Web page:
(Bloomberg Opinion) -- Donald Trump doesn’t have to impose sanctions on Russia’s controversial Nord Stream 2 pipeline to Germany if he wants Europe to buy more U.S. liquefied natural gas. The market is doing his work for him.Increasing competition is already reducing the European Union’s dependence on Russian exports, and U.S. LNG is an increasingly important factor in determining prices.Asked during an appearance with Polish President Andrzej Duda whether he would use sanctions to block Nord Stream 2, the U.S. president said he was “looking at it” and “thinking about it” because “we’re protecting Germany from Russia. And Russia is getting billions and billions of dollars of money from Germany.”This made headlines because it appeared to repeat earlier threats from the U.S. Senate and Energy Secretary Rick Perry. But later, when a reporter pushed him by saying he had the power to block the pipeline with sanctions, Trump replied:Germany has the power to block it. You know how they block it? By not buying it. I mean, Germany made a decision to buy a tremendous percentage of their energy from Russia. Germany – whether they should be doing that or not, they’re the ones that have the power to block it. They shouldn’t buy it. Or, if they want to, they can. But that’s really a decision of Germany.My reading of these remarks is that Trump is less interested in imposing sanctions than he is eager to get Germany to buy more of the U.S.’s “tremendous” LNG. “I think that’s really the way, if they want to spend a tremendous amount of money,” Trump said.Regardless of what happens with Nord Stream 2, Germany and other European countries are likely to buy more U.S. LNG because they don’t want to spend a tremendous amount of money — in particular, on Russian gas. Nord Stream 2 came up at the Trump press conference with Duda because Poland’s state-owned oil and gas company, PGNiG, is an enthusiastic buyer of U.S. LNG. Last year, the utility signed three long-term contracts with U.S. producers, only one of which — Cheniere Energy Inc. — is already supplying the fuel; the others still haven’t built their export terminals.PGNiG is signing these deals because it is locked into a long-term contract with Russia’s Gazprom and unhappy with the price it’s paying. The dispute is in arbitration, with the Polish utility close to winning a reduction. Even so, the contract runs out in 2022 and PGNiG is threatening not to renew it and seek alternatives from Norway. For those threats to be credible, and for Gazprom to start offering favorable terms, the buyer needs to show that it can already get supplies from elsewhere. It’s making some progress.PGNiG has long claimed it can source LNG at lower prices than those offered by Gazprom. This year, that claim doesn't look so outlandish. Gazprom’s average export price in Europe reached $254 per 1,000 cubic meters in the first quarter of 2019. Spot LNG prices have been lower, hovering about $5 per million British thermal units, or about $177 per 1,000 cubic meters.One may laugh at the U.S. branding of “freedom gas,” but its influence on European prices has been liberating. It is a buyer’s market, at least for now.Only three factors limit Europe’s ability to drive down natural gas prices: Gazprom’s long-term contracts; LNG terminal capacity; and demand in Asia, where prices are higher. The first two of these aren’t immutable: Contracts will run out and be renegotiated, and new terminals are being built (Germany alone has plans for two). That LNG supplies can easily be diverted elsewhere as prices change makes it necessary for European countries to have access to pipeline gas sources — but Gazprom isn’t the only one. It faces competition from Norway and various Mediterranean projects.Germany stands to benefit from this new setup. It needs a lot of gas as it tries to phase out both nuclear and coal power. Demand forecasts vary wildly, but it’s safe to assume the country will buy as much as it can get. Nord Stream2 alone won’t be enough to cover those needs, so Germany will have to turn to the U.S. That, together with supplies from other sources, should help it to negotiate down Gazprom’s prices.It’s a win-win situation for the U.S. LNG producers, Germany and even Gazprom as it seeks to keep a foothold in Europe. But two strong arguments still exist for sanctioning Nord Stream 2. One is the need to preserve the Ukrainian transit route for Russian gas. If it dries up, cash-strapped Ukraine would lose a major revenue source. (For now, though, Russia will pump as much gas as it can to Europe to avoid losing its main export market. Given Gazprom’s importance to the personal wealth of Putin’s close circle, that’s not an option.) The other reason is that Nord Stream 2 undermines Poland’s bargaining power over Gazprom: The supplier would be able to say it has found another buyer in the neighborhood.Trump and U.S. Congress should weigh these dangers against that of further alienating Germany. It might try to defy the sanctions if Gazprom goes ahead with the Nord Stream 2 project without Western partners. Any move by the U.S. against Nord Stream 2 would also confirm to its European allies that Washington’s sanctions policy is merely a tool to advance trade interests.These considerations make for a difficult decision. Trump’s remarks on Wednesday sounded to me as though he were leaning toward letting the market do its job this time. That doesn’t mean he can’t change his mind tomorrow — especially if his trade war with China ends and his attention switches to Europe.To contact the author of this story: Leonid Bershidsky at lbershidsky@bloomberg.netTo contact the editor responsible for this story: Edward Evans at eevans3@bloomberg.netThis column does not necessarily reflect the opinion of the editorial board or Bloomberg LP and its owners.Leonid Bershidsky is Bloomberg Opinion's Europe columnist. He was the founding editor of the Russian business daily Vedomosti and founded the opinion website Slon.ru.For more articles like this, please visit us at bloomberg.com/opinion©2019 Bloomberg L.P.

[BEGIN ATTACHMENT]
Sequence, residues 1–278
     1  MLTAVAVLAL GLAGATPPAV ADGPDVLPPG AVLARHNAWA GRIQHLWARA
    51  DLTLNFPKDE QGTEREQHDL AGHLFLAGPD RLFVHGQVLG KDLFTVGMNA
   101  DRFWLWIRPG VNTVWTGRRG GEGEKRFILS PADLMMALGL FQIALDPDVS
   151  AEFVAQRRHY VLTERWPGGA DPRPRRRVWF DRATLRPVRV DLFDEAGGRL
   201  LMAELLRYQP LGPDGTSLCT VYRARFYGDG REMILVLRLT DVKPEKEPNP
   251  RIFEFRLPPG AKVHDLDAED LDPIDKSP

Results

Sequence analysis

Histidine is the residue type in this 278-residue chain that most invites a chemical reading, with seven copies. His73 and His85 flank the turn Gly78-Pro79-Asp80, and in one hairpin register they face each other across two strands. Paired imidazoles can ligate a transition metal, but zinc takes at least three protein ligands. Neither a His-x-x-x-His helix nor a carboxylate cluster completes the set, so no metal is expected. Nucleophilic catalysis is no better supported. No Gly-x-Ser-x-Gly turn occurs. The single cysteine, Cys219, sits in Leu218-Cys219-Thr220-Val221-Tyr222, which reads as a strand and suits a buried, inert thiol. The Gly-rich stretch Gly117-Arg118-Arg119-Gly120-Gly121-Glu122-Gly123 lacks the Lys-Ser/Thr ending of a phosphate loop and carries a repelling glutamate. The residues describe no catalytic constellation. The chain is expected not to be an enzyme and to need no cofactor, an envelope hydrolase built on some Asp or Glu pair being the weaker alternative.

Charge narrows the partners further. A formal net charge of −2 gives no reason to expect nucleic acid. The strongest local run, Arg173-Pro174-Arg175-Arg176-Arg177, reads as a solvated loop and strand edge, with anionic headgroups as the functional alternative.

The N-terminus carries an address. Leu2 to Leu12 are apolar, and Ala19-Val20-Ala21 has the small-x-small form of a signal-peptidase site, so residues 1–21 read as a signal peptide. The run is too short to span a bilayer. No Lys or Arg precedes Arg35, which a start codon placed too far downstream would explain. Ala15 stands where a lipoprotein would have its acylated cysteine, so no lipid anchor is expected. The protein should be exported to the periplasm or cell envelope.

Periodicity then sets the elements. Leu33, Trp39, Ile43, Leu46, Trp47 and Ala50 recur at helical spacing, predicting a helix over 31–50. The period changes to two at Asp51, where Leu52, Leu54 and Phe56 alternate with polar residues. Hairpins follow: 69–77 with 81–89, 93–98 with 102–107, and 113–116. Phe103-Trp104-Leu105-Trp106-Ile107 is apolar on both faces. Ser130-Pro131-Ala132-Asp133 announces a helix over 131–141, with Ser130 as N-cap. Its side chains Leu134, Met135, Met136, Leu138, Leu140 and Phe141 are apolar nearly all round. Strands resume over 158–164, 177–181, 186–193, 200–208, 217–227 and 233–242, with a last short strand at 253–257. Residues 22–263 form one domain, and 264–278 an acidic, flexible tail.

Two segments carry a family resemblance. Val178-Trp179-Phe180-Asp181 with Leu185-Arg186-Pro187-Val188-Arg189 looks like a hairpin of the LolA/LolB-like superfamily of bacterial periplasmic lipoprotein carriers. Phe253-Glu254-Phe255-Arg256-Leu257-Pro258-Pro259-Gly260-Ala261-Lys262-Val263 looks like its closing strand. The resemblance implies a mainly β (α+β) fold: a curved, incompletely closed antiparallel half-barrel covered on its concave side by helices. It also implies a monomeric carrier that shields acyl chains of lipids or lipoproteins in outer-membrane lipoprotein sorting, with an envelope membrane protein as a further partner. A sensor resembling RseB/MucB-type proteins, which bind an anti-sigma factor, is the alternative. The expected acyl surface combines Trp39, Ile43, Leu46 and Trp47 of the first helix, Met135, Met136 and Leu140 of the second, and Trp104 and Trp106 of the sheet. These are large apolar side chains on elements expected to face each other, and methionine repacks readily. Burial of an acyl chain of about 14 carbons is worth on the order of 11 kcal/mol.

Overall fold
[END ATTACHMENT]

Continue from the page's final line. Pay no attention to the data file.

• Oil & Gas Journallast month